Winter continues here at May Dreams Gardens.
The good news is that my Christmas cactus, which bloomed several weeks ago, provided me with a few bonus flowers this week.
It’s funny, but I don’t usually have orange flowers outside in my garden, except for a few ditch lilies that I have planted on the side of the house.
I planted the ditch lilies simply because someone gave them to me and they reminded me of driving down to my grandparents’ house in the summer. I’d watch out the window as we passed by miles and miles of ditch lilies growing along the side of the road in… the ditches, of all places.
My orange-flowering Christmas cactus is a passalong plant, too. I’ll take some cuttings from it this spring to pass along to others. Plant it forward, as they say.
I went out to the garden today and walked around in the melting snow.
Clearly, someone, or something, has also been out walking in the garden.
Maybe one, maybe two.
And where there are two rabbits, there might as well be a hundred rabbits.
I’m sure they are finding all kinds of succulent lower shrub branches to chew off. Go eat the henbit that is coming up, you rabbits, and leave the shrubs alone!
There, that ought to keep the rabbits under control while winter continues.
I surveyed the vegetable garden while I was outside looking at rabbit tracks.
It is clear to me that I must replace the raised beds. The trick will be to do it early enough in the spring so that I can still plant peas.
In other words, I must find that sliver of time when the ground is dry enough to work before St. Patrick’s Day or risk not having a place to plant the peas, spinach, and lettuce when I normally do.
My Dad always seemed to find such a time in early spring, as I recall him tilling the garden, at least part of it, before he planted peas around March 17th.
In that sliver of time, I’ll have someone pull out the old wood around the raised beds, rake the mulch out of the paths, pull out the landscape fabric in the paths, till the whole thing up, form the new beds and edge them with some kind of stone.
Yes, stone of some kind, I think, which will allow for curves, if I decide I want some, and which won’t have to be replaced after a few years.
But before that gets done, I’ll need to endure a few more winter storms, including one heading this way which is predicted to arrive late Monday or Tuesday and bring with it the most dreaded of all winter elements — ice.
Bangchik and Kakdah says
Oh, rabbits. They looks so cuddly and yet quite a menace in the garden. we don't have rabbits running wild here…..
Gearing up for that storm here in Missouri too. Have all of the necessities in order. Seed catalogs, extra water, extra firewood, extra food and blankets.
Pesky rabbits… Rabbit pie is tasty?!
Big plans for the veg garden. Stone edged beds sound lovely, but hard work! Look forward to seeing the results. Good luck on the pea front.
my cute little resident rabbit, Harry chewed half a columnar bayberry this week in the wee hours of the morning…he is in big trouble and so is the shrub…I will have to wrap that one next year too…
Stay safe and warm from the storm, dear Carol. The visions of curved stone edged beds will give pleasant daydreams until May. Dang rabbits, we have seen those footprints, too. Not thrilling to see them, either.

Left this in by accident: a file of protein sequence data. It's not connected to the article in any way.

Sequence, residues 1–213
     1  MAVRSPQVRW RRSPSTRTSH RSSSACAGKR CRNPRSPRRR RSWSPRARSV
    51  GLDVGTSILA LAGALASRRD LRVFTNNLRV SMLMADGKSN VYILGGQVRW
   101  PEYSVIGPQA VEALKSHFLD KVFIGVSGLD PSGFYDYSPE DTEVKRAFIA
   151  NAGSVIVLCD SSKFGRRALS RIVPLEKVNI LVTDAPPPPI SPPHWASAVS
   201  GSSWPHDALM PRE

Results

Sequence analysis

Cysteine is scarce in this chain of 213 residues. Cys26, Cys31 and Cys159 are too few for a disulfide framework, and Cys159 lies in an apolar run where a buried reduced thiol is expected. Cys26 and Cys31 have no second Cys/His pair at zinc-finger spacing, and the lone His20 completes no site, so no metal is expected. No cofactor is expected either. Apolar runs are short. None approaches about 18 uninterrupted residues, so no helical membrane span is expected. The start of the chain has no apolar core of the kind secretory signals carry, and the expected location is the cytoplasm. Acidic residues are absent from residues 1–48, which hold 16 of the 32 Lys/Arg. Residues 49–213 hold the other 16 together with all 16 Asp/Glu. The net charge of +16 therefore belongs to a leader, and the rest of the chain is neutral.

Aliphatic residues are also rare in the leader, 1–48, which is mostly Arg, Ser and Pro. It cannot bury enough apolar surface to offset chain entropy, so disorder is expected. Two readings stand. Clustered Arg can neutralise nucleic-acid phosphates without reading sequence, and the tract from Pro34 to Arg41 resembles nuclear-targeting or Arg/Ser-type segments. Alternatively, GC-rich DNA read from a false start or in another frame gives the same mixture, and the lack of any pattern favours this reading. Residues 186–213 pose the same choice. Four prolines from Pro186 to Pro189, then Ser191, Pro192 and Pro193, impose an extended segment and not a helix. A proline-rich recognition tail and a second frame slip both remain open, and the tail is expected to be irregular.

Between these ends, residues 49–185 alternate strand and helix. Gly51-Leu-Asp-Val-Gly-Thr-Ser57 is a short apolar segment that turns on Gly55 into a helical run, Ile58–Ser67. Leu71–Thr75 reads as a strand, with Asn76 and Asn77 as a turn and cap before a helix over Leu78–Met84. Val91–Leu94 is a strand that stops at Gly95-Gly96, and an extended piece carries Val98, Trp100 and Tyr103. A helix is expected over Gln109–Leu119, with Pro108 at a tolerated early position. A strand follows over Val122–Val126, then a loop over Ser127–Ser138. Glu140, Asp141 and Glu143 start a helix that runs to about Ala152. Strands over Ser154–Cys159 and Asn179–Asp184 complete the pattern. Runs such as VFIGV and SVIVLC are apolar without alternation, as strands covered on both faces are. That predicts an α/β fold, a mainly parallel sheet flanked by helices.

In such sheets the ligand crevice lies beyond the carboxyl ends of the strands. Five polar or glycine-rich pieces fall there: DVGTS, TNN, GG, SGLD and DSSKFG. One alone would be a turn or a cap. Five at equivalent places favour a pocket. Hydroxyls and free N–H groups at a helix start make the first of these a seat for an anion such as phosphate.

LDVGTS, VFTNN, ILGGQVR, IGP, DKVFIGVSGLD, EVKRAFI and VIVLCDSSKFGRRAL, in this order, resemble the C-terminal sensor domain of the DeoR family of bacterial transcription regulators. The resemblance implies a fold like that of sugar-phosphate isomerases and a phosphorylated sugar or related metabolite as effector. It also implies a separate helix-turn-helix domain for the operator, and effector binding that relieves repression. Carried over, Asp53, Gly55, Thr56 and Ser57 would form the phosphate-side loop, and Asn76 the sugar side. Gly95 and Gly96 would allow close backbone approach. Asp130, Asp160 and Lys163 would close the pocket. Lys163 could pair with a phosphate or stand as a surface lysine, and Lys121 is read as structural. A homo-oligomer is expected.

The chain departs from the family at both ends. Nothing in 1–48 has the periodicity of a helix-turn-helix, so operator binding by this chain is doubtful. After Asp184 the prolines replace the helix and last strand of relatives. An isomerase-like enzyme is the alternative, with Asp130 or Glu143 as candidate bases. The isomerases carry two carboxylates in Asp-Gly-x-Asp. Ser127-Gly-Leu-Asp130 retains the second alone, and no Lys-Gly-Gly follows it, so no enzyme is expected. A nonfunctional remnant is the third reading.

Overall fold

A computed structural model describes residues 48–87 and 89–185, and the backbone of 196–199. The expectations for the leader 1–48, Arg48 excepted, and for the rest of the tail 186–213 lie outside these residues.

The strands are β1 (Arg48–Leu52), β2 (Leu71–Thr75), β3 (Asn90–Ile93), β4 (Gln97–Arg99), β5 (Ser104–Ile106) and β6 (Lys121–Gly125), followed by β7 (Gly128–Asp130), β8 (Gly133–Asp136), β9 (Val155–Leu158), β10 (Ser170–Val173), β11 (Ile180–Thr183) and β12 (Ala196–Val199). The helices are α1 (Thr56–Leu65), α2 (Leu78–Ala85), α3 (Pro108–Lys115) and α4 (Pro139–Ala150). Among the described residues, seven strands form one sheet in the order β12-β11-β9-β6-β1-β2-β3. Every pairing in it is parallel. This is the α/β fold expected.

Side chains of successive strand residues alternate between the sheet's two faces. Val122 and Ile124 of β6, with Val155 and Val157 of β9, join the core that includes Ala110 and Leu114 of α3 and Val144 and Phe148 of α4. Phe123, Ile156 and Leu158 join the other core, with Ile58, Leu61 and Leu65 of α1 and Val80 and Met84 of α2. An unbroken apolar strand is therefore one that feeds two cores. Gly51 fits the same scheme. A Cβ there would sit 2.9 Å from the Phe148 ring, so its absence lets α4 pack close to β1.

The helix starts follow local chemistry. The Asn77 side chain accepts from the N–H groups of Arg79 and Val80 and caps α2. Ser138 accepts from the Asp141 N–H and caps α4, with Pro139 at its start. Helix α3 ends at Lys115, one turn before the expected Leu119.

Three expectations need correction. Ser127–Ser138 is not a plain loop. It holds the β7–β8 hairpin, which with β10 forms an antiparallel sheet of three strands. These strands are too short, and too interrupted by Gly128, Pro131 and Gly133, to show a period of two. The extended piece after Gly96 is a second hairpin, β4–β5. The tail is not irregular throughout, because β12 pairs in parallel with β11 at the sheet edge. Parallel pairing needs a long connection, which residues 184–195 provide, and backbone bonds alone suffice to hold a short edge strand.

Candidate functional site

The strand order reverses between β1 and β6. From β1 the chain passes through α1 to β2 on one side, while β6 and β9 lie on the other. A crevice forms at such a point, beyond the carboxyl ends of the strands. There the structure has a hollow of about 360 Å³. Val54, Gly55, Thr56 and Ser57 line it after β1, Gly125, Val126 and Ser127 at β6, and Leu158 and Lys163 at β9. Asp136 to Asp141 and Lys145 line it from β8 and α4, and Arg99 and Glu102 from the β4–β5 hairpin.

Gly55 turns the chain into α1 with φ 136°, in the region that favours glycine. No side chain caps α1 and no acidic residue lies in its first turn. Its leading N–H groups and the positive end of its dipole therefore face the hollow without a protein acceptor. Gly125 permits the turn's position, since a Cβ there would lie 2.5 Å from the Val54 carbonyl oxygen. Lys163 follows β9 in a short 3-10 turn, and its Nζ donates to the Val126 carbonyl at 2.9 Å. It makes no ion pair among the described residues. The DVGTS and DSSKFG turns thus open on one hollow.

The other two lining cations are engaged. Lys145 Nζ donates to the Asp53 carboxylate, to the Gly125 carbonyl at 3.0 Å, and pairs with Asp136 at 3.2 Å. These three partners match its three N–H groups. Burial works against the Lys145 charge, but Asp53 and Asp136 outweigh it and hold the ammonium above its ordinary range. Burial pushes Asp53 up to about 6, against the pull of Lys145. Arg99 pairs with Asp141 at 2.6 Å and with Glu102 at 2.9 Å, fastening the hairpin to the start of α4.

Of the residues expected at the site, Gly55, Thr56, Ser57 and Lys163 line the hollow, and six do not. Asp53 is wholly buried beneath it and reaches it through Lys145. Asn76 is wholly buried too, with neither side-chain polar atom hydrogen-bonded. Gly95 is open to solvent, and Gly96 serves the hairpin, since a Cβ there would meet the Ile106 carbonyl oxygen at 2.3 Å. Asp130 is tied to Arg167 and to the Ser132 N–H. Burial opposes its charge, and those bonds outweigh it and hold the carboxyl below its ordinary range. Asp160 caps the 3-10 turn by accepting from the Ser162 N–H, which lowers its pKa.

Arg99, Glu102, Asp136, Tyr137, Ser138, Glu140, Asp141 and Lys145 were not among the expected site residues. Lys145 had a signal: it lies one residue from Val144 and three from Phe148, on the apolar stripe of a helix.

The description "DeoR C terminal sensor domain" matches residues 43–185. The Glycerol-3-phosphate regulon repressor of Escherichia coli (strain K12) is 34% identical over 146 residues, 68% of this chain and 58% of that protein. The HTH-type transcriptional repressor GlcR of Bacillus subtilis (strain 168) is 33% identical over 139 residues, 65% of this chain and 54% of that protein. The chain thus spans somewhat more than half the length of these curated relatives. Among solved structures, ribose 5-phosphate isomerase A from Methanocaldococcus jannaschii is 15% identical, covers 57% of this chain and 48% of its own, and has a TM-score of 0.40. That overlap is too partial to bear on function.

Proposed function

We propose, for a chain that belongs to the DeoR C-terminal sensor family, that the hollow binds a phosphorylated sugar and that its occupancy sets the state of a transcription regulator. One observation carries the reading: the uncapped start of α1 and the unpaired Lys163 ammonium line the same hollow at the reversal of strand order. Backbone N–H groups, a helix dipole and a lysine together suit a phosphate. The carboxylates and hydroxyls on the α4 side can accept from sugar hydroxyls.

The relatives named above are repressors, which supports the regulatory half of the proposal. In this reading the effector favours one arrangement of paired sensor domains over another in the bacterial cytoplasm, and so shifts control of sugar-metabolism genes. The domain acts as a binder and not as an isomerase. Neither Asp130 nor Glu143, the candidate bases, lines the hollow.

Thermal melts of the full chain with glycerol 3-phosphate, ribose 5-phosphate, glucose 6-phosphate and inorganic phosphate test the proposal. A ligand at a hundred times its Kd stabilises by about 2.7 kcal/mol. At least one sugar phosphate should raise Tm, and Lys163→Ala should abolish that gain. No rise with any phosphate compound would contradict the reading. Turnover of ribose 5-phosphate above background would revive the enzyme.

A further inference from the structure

Mr. McGregor's Daughter says
Get some critter repellent right away and spray the lower branches and the trunks of woody plants. When the rabbits get hungry late in winter, they can kill a shrub by chewing off all the bark. Poultry wire also works.
Lisa at Greenbow says
It is going to be fun watching your new garden beds evolve. Those rascally rabbits are just scoping out the area hoping to find something to eat. This has been a rough winter for them too no doubt. Batten down the hatches and hope for the best regarding the storm.
Raised beds edged with stones sounds so appealing, Carol; then could you call it a potager instead of a vegetable garden?
Winter definitely isn't done, but I hope the storm holds off till tomorrow. I'm on my way to Indy to go see daughter in Portland, and want to get across the Rockies before the weather turns bad. I'm praying with you that we get snow, not ice.
Carol, Waiting until the weather changes is the hard part for me~I get an idea and want to act on it. Stone lined beds are very good looking. Good luck with the critters. keep warm out there. gail
Helen Yoest @ Gardening With Confidence says
Stay safe Carol with the next storm coming your way. Spring will be here before you know it!
I am not an orange flower person either(maybe a 70's nightmare) but I am now trying to add some into my gardening.You are going to have your work cut out for you redoing your garden beds, Stone sounds like the perfect way to go since wood tends to rot away eventually.Now is the time we all take a look at our gardens and make those plans of changes or moves. Those little rabbits may be a problem though.LOL! Mine is always the deer.
compost in my shoe says
Looks like you have your list of "to dos" in place and waiting until the snow subsides. You are a brave one to deal with all that snow and ice. As a transplanted northerner who shoveled all of my childhood away in northern Ohio, I applaud your determination.
Kate @ Gardening and Gardens says
pesky rabbits – they can't be too sneaky in the snow, leaving their tracks behind, huh? 🙂